Athletic Movement: The Bulletproof Diagonal Slingshot

To keep your body safe and get the full benefit of an exercise, range of motion should alway take priority over heavy load.

There's a fine balance between range of motion and the amount of weight you use in an exercise. To keep your body safe and get the full benefit and intention of the exercise, range of motion should always be your priority.  Use load only if and when you can maintain a perfect range of motion.

This is particularly true of the Lateral Lunge to Overhead Press. You're probably familiar with these athletic movements—the Lateral Lunge and Bottoms-Up Plate Press. At first glance, they might look simple, but I assure you that if you execute them effectively, they can yield tremendous positive results.

These two movements are commonly seen as individual moves. If you've ever walked into a high-end athletic performance center, or into a yoga class, you have seen people get into a Lateral Lunge, sit back and load their hip, giving themselves a chance to understand the idea of weight-shifting. In yoga practice, the load is typically just your body. The more range of motion you have, the more you can feel and command your brain (nervous system) to control the movement. Before adding external load, it's wise to control your body weight through the movement.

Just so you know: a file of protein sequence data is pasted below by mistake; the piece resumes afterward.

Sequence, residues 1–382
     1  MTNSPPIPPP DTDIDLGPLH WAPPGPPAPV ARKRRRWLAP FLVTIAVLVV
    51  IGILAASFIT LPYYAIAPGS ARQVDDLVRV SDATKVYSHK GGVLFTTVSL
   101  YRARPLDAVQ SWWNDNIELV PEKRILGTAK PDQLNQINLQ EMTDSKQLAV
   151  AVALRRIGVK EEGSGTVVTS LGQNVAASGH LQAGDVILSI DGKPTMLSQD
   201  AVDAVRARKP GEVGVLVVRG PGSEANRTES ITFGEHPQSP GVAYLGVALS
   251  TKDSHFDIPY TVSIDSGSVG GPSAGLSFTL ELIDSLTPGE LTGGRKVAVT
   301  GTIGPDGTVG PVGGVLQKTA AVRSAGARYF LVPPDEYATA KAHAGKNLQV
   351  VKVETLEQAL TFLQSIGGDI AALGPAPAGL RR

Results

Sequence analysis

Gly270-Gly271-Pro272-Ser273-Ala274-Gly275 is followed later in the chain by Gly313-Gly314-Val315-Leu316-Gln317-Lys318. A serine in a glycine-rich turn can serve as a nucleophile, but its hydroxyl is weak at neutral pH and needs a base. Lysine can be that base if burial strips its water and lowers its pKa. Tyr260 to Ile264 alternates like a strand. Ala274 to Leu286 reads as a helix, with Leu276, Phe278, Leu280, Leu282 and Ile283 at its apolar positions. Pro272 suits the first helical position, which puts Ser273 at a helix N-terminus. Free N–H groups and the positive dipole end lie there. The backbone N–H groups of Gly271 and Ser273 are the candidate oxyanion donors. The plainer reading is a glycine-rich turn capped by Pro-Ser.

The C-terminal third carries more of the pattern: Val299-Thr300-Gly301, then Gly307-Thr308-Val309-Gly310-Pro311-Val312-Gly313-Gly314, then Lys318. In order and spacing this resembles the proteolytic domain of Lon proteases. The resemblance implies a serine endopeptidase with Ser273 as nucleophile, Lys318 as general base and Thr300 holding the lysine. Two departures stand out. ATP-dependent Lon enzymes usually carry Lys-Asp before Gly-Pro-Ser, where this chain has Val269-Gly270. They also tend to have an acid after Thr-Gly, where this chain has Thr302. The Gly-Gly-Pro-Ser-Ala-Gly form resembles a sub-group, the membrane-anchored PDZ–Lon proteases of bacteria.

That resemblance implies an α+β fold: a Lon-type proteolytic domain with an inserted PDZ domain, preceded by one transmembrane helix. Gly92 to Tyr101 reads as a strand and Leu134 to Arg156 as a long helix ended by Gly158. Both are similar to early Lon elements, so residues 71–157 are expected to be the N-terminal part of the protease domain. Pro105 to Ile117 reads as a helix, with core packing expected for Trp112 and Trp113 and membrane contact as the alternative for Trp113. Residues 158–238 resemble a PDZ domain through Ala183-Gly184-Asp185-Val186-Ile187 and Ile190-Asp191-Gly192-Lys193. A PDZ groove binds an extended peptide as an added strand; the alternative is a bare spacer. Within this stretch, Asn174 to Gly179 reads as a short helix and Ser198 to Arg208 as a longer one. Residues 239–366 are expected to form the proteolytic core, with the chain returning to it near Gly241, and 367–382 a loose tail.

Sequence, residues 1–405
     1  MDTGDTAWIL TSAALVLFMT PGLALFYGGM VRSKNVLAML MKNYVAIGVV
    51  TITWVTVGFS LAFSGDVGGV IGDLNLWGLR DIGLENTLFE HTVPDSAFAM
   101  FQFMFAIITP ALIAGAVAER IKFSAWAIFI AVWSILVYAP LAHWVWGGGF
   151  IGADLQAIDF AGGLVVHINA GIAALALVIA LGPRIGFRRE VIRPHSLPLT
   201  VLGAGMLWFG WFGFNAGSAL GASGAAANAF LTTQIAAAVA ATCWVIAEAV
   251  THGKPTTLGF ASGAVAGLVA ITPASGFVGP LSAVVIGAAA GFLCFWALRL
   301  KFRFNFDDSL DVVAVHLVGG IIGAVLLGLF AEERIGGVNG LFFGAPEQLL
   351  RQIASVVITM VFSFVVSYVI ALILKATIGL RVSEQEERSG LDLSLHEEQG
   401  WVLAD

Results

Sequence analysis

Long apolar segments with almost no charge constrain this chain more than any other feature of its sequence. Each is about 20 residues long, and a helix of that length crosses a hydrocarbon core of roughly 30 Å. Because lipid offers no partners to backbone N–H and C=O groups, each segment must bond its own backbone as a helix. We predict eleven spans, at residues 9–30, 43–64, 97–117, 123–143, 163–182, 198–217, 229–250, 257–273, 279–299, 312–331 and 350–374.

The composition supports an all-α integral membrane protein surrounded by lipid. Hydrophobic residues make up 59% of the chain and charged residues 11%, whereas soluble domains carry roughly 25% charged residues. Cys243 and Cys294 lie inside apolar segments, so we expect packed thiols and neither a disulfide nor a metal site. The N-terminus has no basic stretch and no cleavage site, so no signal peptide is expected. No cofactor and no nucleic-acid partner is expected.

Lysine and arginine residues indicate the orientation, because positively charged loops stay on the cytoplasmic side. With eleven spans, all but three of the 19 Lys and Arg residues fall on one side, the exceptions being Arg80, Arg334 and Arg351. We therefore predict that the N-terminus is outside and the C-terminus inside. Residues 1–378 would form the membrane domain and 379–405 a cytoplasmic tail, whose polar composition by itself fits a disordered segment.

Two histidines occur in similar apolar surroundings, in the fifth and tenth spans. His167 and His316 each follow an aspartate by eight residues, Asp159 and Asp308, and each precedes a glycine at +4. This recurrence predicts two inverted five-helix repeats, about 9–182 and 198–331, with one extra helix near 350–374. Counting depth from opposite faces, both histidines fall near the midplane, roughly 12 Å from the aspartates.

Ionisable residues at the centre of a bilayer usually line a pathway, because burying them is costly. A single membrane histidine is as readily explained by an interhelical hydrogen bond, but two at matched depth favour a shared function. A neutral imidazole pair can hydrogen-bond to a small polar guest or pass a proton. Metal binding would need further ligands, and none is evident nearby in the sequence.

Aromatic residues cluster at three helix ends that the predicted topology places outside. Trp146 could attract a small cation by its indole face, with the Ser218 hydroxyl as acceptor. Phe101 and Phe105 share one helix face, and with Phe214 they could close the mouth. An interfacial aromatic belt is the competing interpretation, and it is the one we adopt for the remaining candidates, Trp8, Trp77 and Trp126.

Only after you have achieved this is it advisable to add extra weight. This is where things can get tricky, since you can add load in several ways, or alter your body using the same weight, creating a new challenge and method of adaptation.

Let's breathe some practical life into this by watching the above video. Rather than using a dumbbell and holding it by my side, above my head, or at 90 degrees, I specifically chose a plate. The plate challenged my grip strength and forced me to decrease the load I needed to provide a challenge while maintaining perfect range of motion.

The big picture I'm referring to is the ability to perform the Lateral Lunge through the complete range of motion while maintaining stability in the torso and upper extremities. If I were to choose a load that was too heavy, it would disrupt the overall movement and I would not reap the benefit of the exercise. I might still gain strength; however, this type of strength adaptation would lack direction and could lead to a dead end.

Coaching tip: Holding the weight at 90 degrees challenges the scapular stabilizers; in addition, the arm is in front of the body, allowing you to naturally want to sit back (as shown in the video). Before adding more weight, try changing the way you hold the weight or where you place it. This will lead to a more resilient, healthy, and injury-free body.

Photo Credit: Getty Images // Thinkstock